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iPad based magazine subscriptions in a slump

iPad magazine sales seem to be in a bit of a slump. Many magazine publishers have made their content available on iPad as it's an easy way to read content without having to have paper copies littering your home or office. If it's more convenient, why are magazine sales on the iPad not doing so great?

In August, 10,500 users bought issues of Vanity Fair on their iPads. In August, only 8,700 copies were purchased via the iPad. Glamour magazine was in even worse shape with only 2,775 iPad issues sold in October. We all know that paper copies of magazines are on their way out, but shouldn't that mean that virtual copies should literally be flying off digital shelves?

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iPad live podcast #6 - Flight delay

NOTE: iPad Live! now has its own RSS and iTunes feeds! Subscribe now via the links above.

iiPhone international launch... with delayed deliveries, will the iPad replace your desktop, Apple TV to get iPhone OS and $99 price tag, B&N eReader, Wired, OmniGraffle and the rest of the week's news and apps. Listen in!

Want to make us new theme music and win fabulous prizes?

iPad Live! needs your help, check out our theme music contest for your chance to win over $200 in prizes!

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Wired brings their magazine to the iPad

At over 5ooMB, Wired's iPad app arrives in the App Store and yes, the future of magazine reading appears to arrive with it!

Last November we gave a sneek-peek at Wired's concept for a magazine on a tablet. That demo was in Adobe's Flash. The new version is 100% Flash free and is beautiful.

Navigating the magazine is a breeze; tap on the screen and you are given overlayed navigation tools. The bottom scrolls through pages and the top has two options- zoom out and a vertical list of articles in the issue.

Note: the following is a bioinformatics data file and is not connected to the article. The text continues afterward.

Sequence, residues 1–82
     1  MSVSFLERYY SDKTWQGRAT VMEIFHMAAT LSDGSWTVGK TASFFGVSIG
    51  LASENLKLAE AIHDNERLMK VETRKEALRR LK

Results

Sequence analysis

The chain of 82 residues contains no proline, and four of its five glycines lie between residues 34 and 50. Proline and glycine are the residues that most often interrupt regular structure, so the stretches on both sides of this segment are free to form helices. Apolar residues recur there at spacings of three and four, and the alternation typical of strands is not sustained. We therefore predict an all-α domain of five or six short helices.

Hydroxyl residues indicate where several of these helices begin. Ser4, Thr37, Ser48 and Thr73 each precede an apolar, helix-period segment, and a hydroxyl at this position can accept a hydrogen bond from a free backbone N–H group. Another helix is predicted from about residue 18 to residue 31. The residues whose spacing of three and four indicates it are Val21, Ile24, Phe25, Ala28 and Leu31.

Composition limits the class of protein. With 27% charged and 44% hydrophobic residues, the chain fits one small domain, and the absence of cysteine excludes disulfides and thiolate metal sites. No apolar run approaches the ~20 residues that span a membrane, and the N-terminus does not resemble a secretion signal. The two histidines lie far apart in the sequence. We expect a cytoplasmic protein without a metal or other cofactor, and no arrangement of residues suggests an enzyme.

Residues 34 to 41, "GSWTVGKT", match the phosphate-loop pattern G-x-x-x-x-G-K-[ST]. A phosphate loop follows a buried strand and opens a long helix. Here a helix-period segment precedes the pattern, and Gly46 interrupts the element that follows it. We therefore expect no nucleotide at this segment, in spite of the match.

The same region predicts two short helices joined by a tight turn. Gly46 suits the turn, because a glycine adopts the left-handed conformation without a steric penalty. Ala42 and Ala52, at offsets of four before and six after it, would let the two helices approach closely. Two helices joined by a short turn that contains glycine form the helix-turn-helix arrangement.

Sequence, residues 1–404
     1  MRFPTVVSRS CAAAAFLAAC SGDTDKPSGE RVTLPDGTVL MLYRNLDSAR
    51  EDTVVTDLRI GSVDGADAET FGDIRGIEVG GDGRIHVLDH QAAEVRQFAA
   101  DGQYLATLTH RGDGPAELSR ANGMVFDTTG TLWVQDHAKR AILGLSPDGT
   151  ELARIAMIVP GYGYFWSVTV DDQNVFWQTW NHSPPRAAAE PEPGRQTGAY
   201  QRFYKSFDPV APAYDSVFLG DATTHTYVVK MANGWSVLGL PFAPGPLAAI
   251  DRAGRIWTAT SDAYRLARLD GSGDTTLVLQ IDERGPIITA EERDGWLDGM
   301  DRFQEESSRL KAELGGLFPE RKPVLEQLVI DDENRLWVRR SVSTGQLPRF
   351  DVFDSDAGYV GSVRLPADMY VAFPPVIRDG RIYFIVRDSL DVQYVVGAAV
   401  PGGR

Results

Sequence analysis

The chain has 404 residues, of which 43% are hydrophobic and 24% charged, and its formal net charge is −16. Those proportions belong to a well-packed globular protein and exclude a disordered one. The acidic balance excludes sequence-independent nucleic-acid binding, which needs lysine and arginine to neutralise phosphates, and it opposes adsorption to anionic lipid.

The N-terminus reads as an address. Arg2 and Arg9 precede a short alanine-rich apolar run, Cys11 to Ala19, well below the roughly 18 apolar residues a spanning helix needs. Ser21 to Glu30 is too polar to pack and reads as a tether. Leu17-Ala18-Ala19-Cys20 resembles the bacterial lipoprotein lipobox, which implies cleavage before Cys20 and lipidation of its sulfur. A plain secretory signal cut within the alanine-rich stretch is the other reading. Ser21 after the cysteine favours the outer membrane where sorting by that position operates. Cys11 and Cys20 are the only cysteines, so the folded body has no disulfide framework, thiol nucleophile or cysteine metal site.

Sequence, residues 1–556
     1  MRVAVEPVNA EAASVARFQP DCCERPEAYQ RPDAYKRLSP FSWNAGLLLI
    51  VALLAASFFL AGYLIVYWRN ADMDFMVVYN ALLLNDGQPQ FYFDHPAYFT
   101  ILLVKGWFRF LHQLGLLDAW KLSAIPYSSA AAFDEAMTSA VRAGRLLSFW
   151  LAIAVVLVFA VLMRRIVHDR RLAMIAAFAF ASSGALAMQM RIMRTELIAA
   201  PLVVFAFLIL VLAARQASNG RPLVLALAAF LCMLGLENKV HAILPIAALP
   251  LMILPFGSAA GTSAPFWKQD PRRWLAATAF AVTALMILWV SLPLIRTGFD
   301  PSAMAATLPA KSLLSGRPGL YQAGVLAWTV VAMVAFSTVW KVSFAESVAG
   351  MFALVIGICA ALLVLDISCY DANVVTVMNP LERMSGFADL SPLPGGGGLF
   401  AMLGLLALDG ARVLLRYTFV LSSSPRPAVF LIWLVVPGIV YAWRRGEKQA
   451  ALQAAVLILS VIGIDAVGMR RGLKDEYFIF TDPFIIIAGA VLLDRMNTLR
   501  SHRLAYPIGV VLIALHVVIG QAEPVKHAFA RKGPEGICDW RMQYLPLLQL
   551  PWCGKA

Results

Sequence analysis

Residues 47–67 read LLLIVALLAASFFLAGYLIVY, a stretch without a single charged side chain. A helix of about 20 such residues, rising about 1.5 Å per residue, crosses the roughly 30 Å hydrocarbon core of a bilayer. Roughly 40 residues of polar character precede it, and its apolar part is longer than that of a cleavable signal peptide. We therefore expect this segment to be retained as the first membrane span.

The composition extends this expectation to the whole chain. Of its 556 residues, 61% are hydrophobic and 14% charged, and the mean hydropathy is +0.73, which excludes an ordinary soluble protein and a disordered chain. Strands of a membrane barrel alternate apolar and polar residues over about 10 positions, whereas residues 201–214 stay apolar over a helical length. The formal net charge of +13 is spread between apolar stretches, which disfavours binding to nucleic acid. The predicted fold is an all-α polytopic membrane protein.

There is plenty of interactive content too. Videos from the upcoming Toy Story movie and 3D real-time models of Mars and a Lego Lamborghini. With this awesome content and interactivity comes a price; $4.99 an issue. Is it worth it? Let us know in comments! Check screenshots after the break!

[$4.99- iTunes Link]

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Wall Street Journal, GQ, Vanity Fair, Wired, New Yorker, Glamour, Penguin Apps Coming to iPad

Rupert Murdoch is bringing a Wall Street Journal app to the iPad the media mogul confirmed in his own paper:

"In fact, we've been allowed to work on one, and it's under padlock and key. The key is turned by Apple every night. But we will be on that with The Wall Street Journal."

Condé Nast is also getting in on the action according to the New York Times:

GQ will have a tablet version of its April issue ready. Vanity Fair and Wired will follow with their June issues, and The New Yorker and Glamour will have issues in the summer (the company has not yet determined the exact timing for those).

They say GQ for iPhone has already sold 150,000 copies, and they'll experiment with various advertising and pricing models. All the magazine apps will be developed internally with the exception of Wired, which was/is developed with Adobe.

Publisher Penguin wants to go so far as to abandon the limitations of the ePub format and make their books into apps, says Paid Content:

“We will be embedding audio, video and streaming in to everything we do. The .epub format, which is the standard for ebooks at the present, is designed to support traditional narrative text, but not this cool stuff that we’re now talking about.

Check out their video, after the break...

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How Much Are You Willing to Pay for Magazine, Newspaper Subscriptions on the iPad

How much are you willing to pay for magazine and newspaper subscriptions on the iPad? That's a question publishers like the New York Times are literally fighting over, according to Valley Wag.